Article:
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I am trying to integrate the following first-order ordinary differential equation and confirming whether it is possible such that $t(r) = 0$ when $r = 0$.

$$\int \frac{dr}{r^2((a - r)^2 + b)} = \int c dt$$

From computationally integrating the above equation, I have obtained $t(r)$ as the following.

$$t(r) = -\frac{a \log(a^2 - 2 a r + b + r^2)}{c (a^2 + b)^2} - \frac{a^2}{c r (a^2 + b)^2} - \frac{b}{c r (a^2 + b)^2} + \frac{2 a \log(r)}{c (a^2 + b)^2} + \frac{a^2 \tan^{-1}(\frac{r - a}{\sqrt b})}{(\sqrt{b} c (a^2 + b)^2)} - \frac{\sqrt b \tan^{-1}(\frac{r - a}{\sqrt b})}{c (a^2 + b)^2} + k_1$$

And, clearly this doesn't satisfy the required condition of $t = 0$ when $r = 0$.

On a second note, what are the required steps to solve the above differential equation analytically?

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  • $\begingroup$ Do a definite integral instead. Integrate the LHS from $r(0)$ to $r(t)$ and the RHS from $0$ to $t$, and the resulting expression for $r(t)$ should automatically satisfy the initial conditions since plugging in $t=0$ into the integrals with results in $\int_a^a = 0$ on both sides. $\endgroup$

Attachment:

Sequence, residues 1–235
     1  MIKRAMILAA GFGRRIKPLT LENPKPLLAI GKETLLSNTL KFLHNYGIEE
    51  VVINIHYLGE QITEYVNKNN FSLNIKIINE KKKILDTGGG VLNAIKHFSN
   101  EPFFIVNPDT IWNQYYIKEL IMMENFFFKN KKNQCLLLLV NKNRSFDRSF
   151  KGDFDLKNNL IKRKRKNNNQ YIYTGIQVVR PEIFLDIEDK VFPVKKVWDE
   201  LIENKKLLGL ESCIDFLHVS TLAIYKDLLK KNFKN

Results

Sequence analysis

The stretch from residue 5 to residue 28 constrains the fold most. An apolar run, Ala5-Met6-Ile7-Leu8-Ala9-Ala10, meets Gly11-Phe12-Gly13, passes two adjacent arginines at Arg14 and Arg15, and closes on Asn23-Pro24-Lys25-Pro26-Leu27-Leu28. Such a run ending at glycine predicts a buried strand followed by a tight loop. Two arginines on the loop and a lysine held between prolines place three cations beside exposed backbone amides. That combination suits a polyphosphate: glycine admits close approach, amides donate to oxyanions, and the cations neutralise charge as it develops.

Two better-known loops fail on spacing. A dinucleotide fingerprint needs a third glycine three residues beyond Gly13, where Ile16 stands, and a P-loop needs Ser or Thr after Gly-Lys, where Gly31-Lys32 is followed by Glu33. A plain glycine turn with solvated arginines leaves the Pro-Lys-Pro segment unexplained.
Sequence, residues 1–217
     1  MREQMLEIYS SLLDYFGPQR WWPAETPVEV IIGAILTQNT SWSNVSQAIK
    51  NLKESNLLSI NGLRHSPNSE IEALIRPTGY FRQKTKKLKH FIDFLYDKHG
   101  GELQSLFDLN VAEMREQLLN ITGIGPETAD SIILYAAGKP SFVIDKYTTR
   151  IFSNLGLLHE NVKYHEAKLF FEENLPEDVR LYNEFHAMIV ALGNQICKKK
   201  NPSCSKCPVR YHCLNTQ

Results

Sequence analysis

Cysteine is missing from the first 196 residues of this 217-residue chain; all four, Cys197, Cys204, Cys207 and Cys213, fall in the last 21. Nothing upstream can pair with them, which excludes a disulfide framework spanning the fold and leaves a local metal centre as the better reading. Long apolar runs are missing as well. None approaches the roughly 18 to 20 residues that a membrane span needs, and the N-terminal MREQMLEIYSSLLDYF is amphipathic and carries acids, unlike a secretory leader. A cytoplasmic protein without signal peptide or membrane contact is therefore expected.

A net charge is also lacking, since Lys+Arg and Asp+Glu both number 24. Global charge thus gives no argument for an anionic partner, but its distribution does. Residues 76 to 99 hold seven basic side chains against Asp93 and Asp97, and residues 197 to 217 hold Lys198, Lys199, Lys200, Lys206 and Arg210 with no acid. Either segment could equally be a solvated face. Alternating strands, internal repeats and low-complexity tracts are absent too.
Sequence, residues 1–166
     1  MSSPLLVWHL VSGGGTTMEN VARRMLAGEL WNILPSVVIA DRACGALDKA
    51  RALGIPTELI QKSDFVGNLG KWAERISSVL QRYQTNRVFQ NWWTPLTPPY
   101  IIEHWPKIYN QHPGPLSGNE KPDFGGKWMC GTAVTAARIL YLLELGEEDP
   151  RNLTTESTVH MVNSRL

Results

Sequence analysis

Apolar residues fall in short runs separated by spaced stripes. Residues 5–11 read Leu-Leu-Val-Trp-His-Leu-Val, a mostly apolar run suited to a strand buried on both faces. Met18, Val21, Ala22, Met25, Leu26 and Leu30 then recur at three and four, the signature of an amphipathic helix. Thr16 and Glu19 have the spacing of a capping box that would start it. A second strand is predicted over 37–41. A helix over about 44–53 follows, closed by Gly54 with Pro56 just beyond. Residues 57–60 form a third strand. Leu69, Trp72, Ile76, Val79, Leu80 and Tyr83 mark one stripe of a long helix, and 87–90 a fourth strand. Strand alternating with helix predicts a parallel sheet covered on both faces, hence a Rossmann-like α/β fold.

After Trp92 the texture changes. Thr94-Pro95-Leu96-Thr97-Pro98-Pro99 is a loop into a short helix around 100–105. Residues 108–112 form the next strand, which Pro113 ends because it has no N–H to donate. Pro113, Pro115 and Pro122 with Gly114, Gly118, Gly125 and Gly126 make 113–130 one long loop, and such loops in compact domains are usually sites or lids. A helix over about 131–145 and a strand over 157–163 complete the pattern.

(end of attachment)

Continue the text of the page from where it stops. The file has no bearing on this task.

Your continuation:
– whpowell96
    Feb 20 at 16:19
  • $\begingroup$ @whpowell96 will that always be the case? like when i did it indefinitely and tried to eliminate constants by enforcing the conditions, i find that it fails because $t \to -\infty$ when $r \to 0$, but i am not sure if i did something wrong while integrating $\endgroup$
    – Arjo
    Feb 20 at 16:26
  • $\begingroup$ It should work if the integral converges, but it doesn't in this case. Note that the constant function $r(t) = 0$ is a solution to $r' = r^2((a-r)^2+b)$. This solution was assumed not to exist when you separated the equation. $\endgroup$
    – whpowell96
    Feb 20 at 16:28
  • $\begingroup$ ahh right! thanks $\endgroup$
    – Arjo
    Feb 20 at 16:29

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